Benefits and risks of sequential parenteral-oral cephalosporin therapy for suppurative bone and joint infections

J. D. Nelson, R. W. Bucholz, H. Kusmiesz, S. Shelton

Research output: Contribution to journalArticle

62 Scopus citations

Abstract

Seventy-five infants and children with suppurative skeletal infections were managed with a sequential parenteral-oral regimen of cephalosporin antibiotic therapy. Initially, parenteral antibiotics (cefamandole for 48 patients and cefuroxime for 27 patients) were given for a median of 5 days. Oral therapy was with large doses of cefaclor (150 mg/kg/day) or cephalexin (100 mg/kg/day). Eight patients (11%) had inadequate serum bactericidal activity with cefaclor. Six of them were successfully managed with alternative oral antibiotics, and parenteral therapy resumed in 1 patient. Chronic disease developed in a child who was continued on oral cloxacillin therapy in spite of absent serum bactericidal activity. It is concluded that oral therapy can be successful for the majority of patients but that it is hazardous and not indicated if careful laboratory monitoring of compliance and serum bactericidal activity cannot be performed.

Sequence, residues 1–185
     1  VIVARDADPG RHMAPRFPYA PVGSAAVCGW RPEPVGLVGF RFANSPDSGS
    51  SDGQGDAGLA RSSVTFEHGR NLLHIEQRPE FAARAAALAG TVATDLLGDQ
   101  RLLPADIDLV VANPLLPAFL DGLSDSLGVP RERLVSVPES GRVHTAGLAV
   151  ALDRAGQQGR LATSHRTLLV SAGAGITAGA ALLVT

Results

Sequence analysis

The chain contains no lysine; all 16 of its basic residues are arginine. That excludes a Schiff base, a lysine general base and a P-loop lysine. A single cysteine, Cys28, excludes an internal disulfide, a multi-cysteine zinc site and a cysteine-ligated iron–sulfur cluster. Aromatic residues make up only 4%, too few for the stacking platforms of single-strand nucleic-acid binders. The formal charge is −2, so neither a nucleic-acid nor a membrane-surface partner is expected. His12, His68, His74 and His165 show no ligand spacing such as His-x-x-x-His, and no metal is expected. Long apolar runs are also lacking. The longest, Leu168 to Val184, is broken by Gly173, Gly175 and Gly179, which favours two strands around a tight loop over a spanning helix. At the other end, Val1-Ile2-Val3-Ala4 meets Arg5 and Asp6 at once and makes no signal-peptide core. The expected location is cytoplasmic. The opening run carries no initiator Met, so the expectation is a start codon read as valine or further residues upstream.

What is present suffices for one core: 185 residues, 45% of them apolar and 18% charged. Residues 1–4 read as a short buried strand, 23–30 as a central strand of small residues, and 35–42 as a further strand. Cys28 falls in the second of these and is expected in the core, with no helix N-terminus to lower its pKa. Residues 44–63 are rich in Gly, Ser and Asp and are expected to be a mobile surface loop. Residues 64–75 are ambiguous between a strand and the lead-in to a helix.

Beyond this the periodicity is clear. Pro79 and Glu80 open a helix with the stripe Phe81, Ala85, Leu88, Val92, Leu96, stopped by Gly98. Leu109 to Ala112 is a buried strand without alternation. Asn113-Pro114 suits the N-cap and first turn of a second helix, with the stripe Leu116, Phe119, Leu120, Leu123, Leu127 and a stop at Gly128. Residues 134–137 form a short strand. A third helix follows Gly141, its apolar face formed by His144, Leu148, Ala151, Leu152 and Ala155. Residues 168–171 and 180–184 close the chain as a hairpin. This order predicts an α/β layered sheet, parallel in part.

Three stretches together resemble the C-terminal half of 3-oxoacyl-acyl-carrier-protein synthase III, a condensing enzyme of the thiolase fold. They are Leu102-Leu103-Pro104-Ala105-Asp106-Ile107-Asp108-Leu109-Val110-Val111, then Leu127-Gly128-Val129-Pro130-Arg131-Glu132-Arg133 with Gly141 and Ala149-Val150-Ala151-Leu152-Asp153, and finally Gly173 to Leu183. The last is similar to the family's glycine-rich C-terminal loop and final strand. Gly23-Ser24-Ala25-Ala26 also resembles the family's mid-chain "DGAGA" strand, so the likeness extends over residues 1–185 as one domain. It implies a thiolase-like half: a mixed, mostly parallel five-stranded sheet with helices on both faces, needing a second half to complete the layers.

Original languageEnglish (US)
Pages (from-to)255-262
Number of pages8
JournalJournal of Pediatric Orthopaedics
Volume2
Issue number3
DOIs
StatePublished - Jan 1 1983

ASJC Scopus subject areas

  • Pediatrics, Perinatology, and Child Health
  • Orthopedics and Sports Medicine

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